Using a computer is a fast way to record what is going on in your garden; it is faster than writing your journal by hand. If this method is for you it has the benefit of being able to add digital photographs right into the document, size them to meet your needs, and easily delete and replace them. Like many gardeners around the world, I write an online gardening blog that records my gardening journey in photographs, but that method is not for everyone. Just try to write something each month, remembering to include the date and year in each entry. Save your entries and print them when you have completed a year.
Keep the printed pages in a three-ring binder for future reference. Place tabs in the binder to mark the years. I like to save plant tags but too often they disappear and I can't remember names of plants. Adding photo sleeves for plant tags solves this problem. Also, your binder is a good place to keep gardening information from newspapers and magazines.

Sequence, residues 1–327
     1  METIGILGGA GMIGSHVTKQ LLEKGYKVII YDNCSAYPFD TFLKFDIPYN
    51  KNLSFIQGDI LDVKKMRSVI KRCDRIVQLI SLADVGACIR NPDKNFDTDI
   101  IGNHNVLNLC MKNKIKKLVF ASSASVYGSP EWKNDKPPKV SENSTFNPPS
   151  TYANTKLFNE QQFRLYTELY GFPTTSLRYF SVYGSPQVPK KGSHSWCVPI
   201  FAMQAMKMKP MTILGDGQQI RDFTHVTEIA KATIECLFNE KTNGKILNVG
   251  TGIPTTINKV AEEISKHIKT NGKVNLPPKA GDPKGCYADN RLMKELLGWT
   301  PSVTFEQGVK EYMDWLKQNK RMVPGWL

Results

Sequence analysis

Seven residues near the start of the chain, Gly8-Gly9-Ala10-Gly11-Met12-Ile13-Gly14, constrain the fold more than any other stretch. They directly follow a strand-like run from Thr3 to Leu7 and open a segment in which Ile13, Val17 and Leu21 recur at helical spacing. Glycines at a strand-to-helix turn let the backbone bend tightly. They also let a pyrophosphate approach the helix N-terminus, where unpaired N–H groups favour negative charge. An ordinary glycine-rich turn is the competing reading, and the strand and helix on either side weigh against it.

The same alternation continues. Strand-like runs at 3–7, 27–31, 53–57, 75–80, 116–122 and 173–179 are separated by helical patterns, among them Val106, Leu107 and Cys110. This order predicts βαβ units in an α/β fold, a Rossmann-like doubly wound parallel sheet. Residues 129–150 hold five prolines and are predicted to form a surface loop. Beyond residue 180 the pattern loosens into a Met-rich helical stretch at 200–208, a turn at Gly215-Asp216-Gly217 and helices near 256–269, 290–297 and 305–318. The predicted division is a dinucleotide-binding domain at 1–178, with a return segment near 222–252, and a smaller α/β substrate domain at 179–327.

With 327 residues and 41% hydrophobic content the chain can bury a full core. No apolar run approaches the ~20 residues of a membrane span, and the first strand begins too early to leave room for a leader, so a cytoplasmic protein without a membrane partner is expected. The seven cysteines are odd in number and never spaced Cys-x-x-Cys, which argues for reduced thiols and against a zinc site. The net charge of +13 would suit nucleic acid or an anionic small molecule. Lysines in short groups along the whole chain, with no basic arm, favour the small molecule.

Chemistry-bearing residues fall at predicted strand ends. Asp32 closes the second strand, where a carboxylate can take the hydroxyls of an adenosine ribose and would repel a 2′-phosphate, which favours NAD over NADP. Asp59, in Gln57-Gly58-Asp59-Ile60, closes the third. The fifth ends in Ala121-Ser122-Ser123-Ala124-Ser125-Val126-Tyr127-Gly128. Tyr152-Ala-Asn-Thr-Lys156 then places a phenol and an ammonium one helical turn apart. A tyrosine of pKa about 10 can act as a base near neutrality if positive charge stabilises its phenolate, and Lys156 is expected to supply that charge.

What to Record
Vegetable garden information As new seed catalogs arrive, begin by making an inventory of the leftover seeds from previous years and list the new ones you need to order. Plan your vegetable garden on graph paper at this time and add it to your journal. It's important to note where you planted vegetables last year so that you can rotate vegetables in the same family. For example, do not follow tomatoes, potatoes, eggplant or peppers with each other or you will encourage soil-borne diseases and pest outbreaks.